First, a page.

Rocky has an important place in American cultural history, to be sure. The subject matter (sex, cross-dressing, homosexuality, promiscuity . . . not to mention cannibalism and alien incest) is still controversial stuff today, though it almost seems quaint to me. A bomb when it debuted, Rocky later found its niche as a cult favorite, shown at midnight in theaters across the country. It attracted fringe-types (and still does, to a degree) who felt welcome amid the strange sexual chaos. Starting in liberal cities, my beloved Austin included, the Rocky phenomenon gradually spread until it permeated American culture. People started yelling back at the screen, dressing as their favorite characters, bringing props, and acting out the movie as it played on the screen behind them. Audiences loved the production and came back again and again. There was even a Garbage Pail Kid known as "Rock E. Horror" who wore a costume similar to Frank's famous fishnets and corset. Various celebrities were at a recent Rocky convention and did karaoke from the movie for a VH-1 special. It's bigger than anyone ever thought it could be, and has mutated somewhat in the process. As Richard O'Brien (the author and one star of the movie) said, it's wonderful art: a movie, a live production, and audience participation all rolled into one.

Many people credit Rocky with helping them come to terms with their sexuality, particularly gays. A Rocky showing is generally a pretty open environment; it's definitely a place where kinks are welcome. As our preshow routine states, "There will be people running around in lingerie, fishnets, garter belts, and possibly less! (Preferably less!)" Everyone gets to be sexy, regardless of their gender or appearance or history or anything else. For the most part, it's a very supportive environment. We welcome just about everyone.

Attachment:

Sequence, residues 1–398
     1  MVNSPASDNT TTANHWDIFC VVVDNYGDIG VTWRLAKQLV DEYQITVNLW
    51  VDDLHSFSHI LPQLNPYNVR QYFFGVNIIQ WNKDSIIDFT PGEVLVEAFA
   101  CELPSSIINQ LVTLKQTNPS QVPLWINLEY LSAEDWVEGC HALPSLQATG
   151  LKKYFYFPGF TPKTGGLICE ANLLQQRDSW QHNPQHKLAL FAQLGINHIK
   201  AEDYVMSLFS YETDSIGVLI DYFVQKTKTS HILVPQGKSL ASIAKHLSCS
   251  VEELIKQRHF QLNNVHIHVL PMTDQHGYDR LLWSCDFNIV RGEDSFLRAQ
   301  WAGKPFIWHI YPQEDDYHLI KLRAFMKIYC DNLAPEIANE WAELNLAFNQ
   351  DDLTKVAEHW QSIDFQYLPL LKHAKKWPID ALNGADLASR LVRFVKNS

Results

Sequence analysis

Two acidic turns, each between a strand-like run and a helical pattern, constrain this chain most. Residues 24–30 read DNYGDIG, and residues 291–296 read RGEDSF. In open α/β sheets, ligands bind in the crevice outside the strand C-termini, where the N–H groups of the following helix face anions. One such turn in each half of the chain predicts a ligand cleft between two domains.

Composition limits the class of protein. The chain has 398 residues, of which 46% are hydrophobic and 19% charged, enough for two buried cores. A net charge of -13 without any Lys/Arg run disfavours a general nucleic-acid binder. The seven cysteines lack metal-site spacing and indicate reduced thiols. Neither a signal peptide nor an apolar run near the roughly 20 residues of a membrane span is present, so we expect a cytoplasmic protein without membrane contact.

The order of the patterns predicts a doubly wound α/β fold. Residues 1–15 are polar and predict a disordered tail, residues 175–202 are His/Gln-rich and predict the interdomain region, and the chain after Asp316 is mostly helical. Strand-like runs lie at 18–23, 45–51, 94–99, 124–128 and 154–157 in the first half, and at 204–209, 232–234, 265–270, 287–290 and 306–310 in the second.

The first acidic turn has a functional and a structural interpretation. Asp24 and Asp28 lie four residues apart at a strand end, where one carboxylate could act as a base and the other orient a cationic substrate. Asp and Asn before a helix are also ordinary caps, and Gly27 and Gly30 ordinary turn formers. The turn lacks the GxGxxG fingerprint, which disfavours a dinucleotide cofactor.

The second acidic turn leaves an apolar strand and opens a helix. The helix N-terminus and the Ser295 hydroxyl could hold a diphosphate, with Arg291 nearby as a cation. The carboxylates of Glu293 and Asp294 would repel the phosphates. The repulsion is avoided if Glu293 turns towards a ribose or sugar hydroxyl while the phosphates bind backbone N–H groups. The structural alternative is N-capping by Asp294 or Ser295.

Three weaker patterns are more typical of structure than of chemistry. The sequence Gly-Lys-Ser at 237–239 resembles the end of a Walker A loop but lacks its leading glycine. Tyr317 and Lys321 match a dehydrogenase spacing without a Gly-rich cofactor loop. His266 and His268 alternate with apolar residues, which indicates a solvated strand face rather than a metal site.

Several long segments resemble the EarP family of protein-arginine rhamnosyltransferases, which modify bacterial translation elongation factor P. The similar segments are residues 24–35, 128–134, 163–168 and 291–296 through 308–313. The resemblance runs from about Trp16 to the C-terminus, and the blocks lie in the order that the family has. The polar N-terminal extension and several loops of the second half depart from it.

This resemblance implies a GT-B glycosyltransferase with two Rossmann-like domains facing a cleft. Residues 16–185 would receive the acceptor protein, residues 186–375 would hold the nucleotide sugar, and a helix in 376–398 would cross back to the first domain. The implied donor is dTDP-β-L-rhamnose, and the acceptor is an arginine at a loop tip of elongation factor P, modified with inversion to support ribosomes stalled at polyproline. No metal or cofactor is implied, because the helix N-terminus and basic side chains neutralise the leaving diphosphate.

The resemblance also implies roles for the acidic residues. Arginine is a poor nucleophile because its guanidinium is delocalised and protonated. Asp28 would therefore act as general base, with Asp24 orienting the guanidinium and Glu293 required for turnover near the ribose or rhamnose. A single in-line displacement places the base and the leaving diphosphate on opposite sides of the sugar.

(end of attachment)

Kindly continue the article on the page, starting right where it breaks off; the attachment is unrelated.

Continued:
There's a distinct humor about the sexuality, of course. When "virgins" (people who haven't ever seen the movie in a theater) come, we have a sacrificial ceremony to deflower them. In front of the cast and any non-virgin audience, they line up in same-sex pairs, with one person behind the other. They must take a pledge admitting their virgin status and stating their desire to lose their morals and welcome decadence into their lives, "in the name of the Frank, the Rocky, and the holy Riff Raff." After this, the virgins in front bend over and the ones in back bump-and-grind, while everyone sings the Oscar Meyer wiener song. It's fun, not too embarrassing (when I was sacrificed we all did it in one big line, rather than in pairs), and sets the mood for fun tinged with some sexual tension.

I play three roles in our cast: Trixie, Janet, and Columbia. Trixie is a small part; she is the "usherette" who sings the opening song, "Science Fiction Double Feature." Our cast has Trixie lit with a spotlight as she gyrates, pantomimes, and ultimately strips down to sexy underpinnings and sets the mood for the show. It's a fun little part to play, and there's more room for interpretation than with other parts. Playing Janet is entertaining; I try to emphasize the contrast between her wide-eyed innocence and her transformation into a wild sexual creature. Columbia is the tap-dancing groupie who fell for the delivery boy; physically I'm well-suited to play her, and I get a lot of comments about how I look when I do. Her high-kicking floorshow routine is a lot of fun to do; a former cast member and friend of mine excelled at the swing dancing scene, and could do complete vertical lifts with me. (For our recent Gender Bender night, I played Riff-Raff, the deadpan handyman. I went for a "sexy butler" look, with shiny viynl boots and skirt, plus fishnet stockings. It seemed to go over well.)